4) Employees want consistency from their leadership…consistency of temperament, consistency of values, and consistency of actions. Nothing rattles employee confidence and morale during a crisis more than leaders displaying inconsistent behavior.
5) Be visible. Make time to get out into the work space and meet informally with employees. You will be amazed at what you learn.
6) Go out of your way to recognize employees who are doing good work. No fancy or expensive recognition plans are needed. A simple email to the group or praising the employee during a staff meeting makes a world of difference. Everybody wants to feel valued in the workplace.
These six simple actions will quickly deliver results. …the differentiator will be the one who comes out of a down cycle with new products or offerings and with people lining up to work for their company. As the old saying goes, “people join companies but they leave leaders.” Don’t be a leader who ignores the human element.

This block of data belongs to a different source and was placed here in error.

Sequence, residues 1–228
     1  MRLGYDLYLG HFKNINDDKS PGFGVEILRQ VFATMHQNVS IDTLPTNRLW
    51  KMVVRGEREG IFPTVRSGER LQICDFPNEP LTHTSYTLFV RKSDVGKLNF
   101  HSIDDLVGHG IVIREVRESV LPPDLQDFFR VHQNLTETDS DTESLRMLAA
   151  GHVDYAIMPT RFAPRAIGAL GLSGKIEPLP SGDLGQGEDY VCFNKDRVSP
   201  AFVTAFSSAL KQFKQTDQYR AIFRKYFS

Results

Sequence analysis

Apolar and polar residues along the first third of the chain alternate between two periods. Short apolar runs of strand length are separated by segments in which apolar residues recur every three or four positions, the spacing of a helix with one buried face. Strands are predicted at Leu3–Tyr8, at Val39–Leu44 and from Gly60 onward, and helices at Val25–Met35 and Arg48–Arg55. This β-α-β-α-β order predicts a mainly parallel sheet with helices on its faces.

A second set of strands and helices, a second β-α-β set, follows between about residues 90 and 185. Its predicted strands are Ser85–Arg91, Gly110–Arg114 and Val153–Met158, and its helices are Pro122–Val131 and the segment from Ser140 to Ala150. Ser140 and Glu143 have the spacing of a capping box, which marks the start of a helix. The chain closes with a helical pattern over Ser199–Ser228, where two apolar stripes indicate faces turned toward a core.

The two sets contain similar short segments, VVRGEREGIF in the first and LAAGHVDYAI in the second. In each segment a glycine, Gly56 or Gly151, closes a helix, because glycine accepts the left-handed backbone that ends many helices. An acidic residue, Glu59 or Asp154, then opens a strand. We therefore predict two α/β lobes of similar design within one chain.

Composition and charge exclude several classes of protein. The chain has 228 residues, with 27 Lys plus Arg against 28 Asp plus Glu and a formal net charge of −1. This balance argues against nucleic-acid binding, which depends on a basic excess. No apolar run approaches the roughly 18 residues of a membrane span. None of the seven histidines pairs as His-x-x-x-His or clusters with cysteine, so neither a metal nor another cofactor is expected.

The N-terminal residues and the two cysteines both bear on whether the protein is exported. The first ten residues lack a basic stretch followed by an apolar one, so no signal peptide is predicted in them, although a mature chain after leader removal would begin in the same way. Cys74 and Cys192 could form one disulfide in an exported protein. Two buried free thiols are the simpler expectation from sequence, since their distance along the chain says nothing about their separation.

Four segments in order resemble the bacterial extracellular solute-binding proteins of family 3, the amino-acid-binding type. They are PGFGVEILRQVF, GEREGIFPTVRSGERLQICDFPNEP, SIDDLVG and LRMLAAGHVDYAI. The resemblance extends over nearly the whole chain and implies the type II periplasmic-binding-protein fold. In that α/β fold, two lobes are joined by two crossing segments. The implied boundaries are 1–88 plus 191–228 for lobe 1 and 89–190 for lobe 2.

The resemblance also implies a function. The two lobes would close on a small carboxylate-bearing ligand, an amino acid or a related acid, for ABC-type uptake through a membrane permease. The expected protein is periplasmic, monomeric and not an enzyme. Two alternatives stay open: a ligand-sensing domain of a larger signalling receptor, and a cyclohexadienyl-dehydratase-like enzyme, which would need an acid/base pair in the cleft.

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Gary Slack is an independent Business Advisor, serving companies in the government contracting community.
Mr. Slack served as president of BAE Systems’ U.S. Combat Systems business, headquartered in Arlington, Virginia until the end of 2011. In this capacity he oversaw all company operations involving more than 9,000 employees across 16 states.
Mr. Slack joined BAE Systems in 1999 as vice president of finance and controller, of the U.S. subsidiaries of heritage BAE Systems North America and was promoted to vice president of finance and chief financial officer in 2003. During his tenure at BAE Systems North America, the company acquired 10 businesses in the areas of diverse services, information technology, information solutions, electronic solutions, platform production programs, and experienced overall revenue growth from $2 billion to approximately $10 billion.